The pair allege that other women at Sovereign Hill have been assaulted by Employee X by having him trick them into touching his penis, in one case by hiding it within laundry he was handing to a female staff member.
“So far I've been there for almost six years now and ever since I started there's always been this culture of smutty remarks constantly made all the time, especially from Employee X in particular,” says Ms 2.
“When I started at Sovereign Hill I was only 18. This was my first big job. I'd never worked in an industry before like with men or anything like that, so I didn't know what to expect, what my rights are, or what is and isn't OK. So. After a while of these smutty remarks going on, I just can't… He would constantly ask about your sex life or he'll just make dick jokes.”
The women say the reporting procedures for such incidents at Sovereign Hill left them feeling vulnerable. They say they approached management about making a cultural change amongst male employees at Sovereign Hill in 2016.
“So we sat down, we had meetings. We made sure that they were aware that Employee X was the biggest problem in this situation. We had to push for it but they finally organised a whole of Sovereign Hill little training session, like a two-hour training session on sexual harassment. It was poorly run. Employee X sat in front of me the whole time and laughed the whole way through it. So I thought 'this is pathetic', says Ms 2.
“That was all that they were willing to do. That just kind of ended there, and then I was groped that year after which we'd warned them about him, and then in February we went back and reported. I went to them and said 'I want to put in an official complaint about this, as official as you can get it through whatever steps need to be taken.'
“So then myself, Ms 1 and another girl put in official complaints. Out of the three complaints that were put in mine was the only one was taken even semi-seriously. Ms 1’s didn't even exist. Nothing ever came from hers; she never had any meetings to do with it.”
“Mine was taken semi-seriously. We had some meetings and things like that. They were going to give me a meeting about the outcome of what they were going to do with the situation with Employee X,” says Ms 2.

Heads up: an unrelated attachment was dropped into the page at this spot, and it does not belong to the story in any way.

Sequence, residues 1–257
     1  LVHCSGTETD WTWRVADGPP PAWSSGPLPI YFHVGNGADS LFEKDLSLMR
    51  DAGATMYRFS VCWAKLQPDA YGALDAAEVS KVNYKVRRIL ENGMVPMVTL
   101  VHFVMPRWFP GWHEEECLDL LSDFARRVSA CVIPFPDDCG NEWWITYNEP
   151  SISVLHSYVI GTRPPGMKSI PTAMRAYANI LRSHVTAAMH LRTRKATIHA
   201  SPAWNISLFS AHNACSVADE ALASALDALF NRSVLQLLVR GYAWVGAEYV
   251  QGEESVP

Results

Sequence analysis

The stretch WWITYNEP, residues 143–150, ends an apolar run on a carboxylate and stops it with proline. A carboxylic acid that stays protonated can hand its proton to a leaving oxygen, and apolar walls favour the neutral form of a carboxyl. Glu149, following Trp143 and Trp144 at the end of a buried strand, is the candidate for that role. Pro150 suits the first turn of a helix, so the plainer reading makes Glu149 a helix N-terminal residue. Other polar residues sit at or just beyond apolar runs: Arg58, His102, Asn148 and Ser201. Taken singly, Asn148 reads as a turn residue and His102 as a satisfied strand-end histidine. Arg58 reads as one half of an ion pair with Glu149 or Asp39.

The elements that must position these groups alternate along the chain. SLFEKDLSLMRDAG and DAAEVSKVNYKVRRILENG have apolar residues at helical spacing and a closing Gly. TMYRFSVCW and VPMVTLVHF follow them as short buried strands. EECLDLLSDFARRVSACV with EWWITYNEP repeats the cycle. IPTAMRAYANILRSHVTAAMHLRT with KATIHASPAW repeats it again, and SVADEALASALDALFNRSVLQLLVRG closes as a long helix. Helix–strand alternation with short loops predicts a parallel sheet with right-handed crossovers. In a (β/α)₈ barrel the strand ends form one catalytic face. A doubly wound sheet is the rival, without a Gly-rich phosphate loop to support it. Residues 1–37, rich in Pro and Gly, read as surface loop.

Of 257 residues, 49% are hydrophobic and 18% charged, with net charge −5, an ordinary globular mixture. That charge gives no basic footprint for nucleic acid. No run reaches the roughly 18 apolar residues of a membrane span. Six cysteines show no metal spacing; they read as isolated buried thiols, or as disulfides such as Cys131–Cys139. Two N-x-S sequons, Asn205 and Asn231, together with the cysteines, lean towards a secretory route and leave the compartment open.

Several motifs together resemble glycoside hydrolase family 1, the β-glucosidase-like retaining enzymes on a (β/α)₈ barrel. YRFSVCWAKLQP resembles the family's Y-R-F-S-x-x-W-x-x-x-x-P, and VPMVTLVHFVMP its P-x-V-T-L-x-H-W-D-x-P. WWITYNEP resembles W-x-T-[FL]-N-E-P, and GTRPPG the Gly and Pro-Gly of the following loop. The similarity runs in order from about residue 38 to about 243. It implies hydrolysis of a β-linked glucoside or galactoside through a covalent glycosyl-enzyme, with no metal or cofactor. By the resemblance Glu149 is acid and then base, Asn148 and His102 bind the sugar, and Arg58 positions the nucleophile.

Ms 2 says she was later called to a conciliation meeting held back-to-back with Employee X’s.
“So I sat down outside the door there and next minute Employee X walks out of that room, past me with a big grin on his face, and he just keeps walking. I came in, and they told me all they were doing was they were sending him to a workshop on what to do and what to not to do, and what's appropriate… but they weren't doing it straight away because he was having some holidays first, and then he would be needed for the Easter holidays as well.”
Dissatisfied with Sovereign Hill’s approach to her case, Ms 2 says she approached the Ballarat Centre Against Sexual Assault and Worksafe Victoria, who referred her to Victoria Police.
“After a certain point I've stopped talking to human resources about this, because it was going nowhere.”
Ms 2 says she understood that Sovereign Hill had been advised not to let Employee X work with her or other staff making allegations against him. She says she was never happy with the outcome of Sovereign Hill’s internal processes.
“The last meeting I had with them: when they told me the outcome I bawled my eyes out. I told them, 'this is a joke; I watched him laugh his way through the last training session on this.' They knew that I was not OK with this. They constantly go, 'oh we thought they were happy with it' or 'they were all fine and dandy'.”
MEAA responds to allegations
The MEAA, the union which represents workers at Sovereign Hill, responded to the allegations presented to The Courier and confirmed they had been informed by multiple complainants over a period of years.
“Sovereign Hill is one of the state’s leading tourist attractions, but Victorians would be shocked at the culture of harassment that has developed there.”
The MEAA also claimed it had repeatedly raised concerns with management around harassment, bullying and OHS issues in recent years.
“We’ve also raised concerns with Sovereign Hill about employees who make genuine complaints to management subsequently being subject to disciplinary processes. There seems to be an ad hoc approach to discipline – employees who complain appear to have been disciplined for minor infractions while serious complaints are left unresolved.”
Sovereign Hill responds with statement
The Courier sent a detailed series of questions to Sovereign Hill in an attempt to verify the allegations, including:
- Is Sovereign Hill management aware that allegations of sexual assault have been made against staff members,over a period of 10 years?
- Does Sovereign Hill management have records of these allegations?
- What actions were taken as a consequence of these allegations?
- Is management at Sovereign Hill confident these allegations were managed adequately and in a timely manner?
Sovereign Hill told The Courier under privacy obligations as an employer, it was unable to comment on specific cases or allegations.
They provided the following statement:
“Sovereign Hill has had very robust policies put in place including a formal Anti-Discrimination & Harassment Policy document since 2003, a Staff Code of Conduct which each staff member must follow and signs on employment, induction training and a regular and comprehensive staff training program.
We provide the opportunity for staff to submit confidential feedback with Engagement Surveys, for regular anonymous feedback through internal processes and also in regular staff performance appraisals and interviews.
Any formal complaints made are always fully and confidentially investigated in accordance with our Investigations Policy, including both internal and external procedures as appropriate. Privacy Law, procedural fairness and natural justice are strictly applied. Appropriate action is taken on the outcomes of any such investigations.
Sovereign Hill is committed to providing a safe and harassment free workplace in full compliance with all statutory requirements.”